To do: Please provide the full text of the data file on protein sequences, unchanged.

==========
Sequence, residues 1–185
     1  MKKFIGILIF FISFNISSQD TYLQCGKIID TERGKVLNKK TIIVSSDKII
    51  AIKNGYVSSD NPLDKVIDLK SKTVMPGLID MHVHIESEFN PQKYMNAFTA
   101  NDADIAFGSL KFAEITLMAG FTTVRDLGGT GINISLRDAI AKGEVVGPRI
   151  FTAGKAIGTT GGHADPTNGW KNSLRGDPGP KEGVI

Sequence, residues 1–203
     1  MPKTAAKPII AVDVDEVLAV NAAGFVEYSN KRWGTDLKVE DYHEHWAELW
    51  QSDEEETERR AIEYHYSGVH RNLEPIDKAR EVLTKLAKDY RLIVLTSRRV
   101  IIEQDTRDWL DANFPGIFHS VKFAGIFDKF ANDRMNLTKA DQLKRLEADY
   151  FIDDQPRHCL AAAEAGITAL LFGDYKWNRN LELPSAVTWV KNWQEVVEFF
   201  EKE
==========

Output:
Sequence, residues 1–185
     1  MKKFIGILIF FISFNISSQD TYLQCGKIID TERGKVLNKK TIIVSSDKII
    51  AIKNGYVSSD NPLDKVIDLK SKTVMPGLID MHVHIESEFN PQKYMNAFTA
   101  NDADIAFGSL KFAEITLMAG FTTVRDLGGT GINISLRDAI AKGEVVGPRI
   151  FTAGKAIGTT GGHADPTNGW KNSLRGDPGP KEGVI

Sequence, residues 1–203
     1  MPKTAAKPII AVDVDEVLAV NAAGFVEYSN KRWGTDLKVE DYHEHWAELW
    51  QSDEEETERR AIEYHYSGVH RNLEPIDKAR EVLTKLAKDY RLIVLTSRRV
   101  IIEQDTRDWL DANFPGIFHS VKFAGIFDKF ANDRMNLTKA DQLKRLEADY
   151  FIDDQPRHCL AAAEAGITAL LFGDYKWNRN LELPSAVTWV KNWQEVVEFF
   201  EKE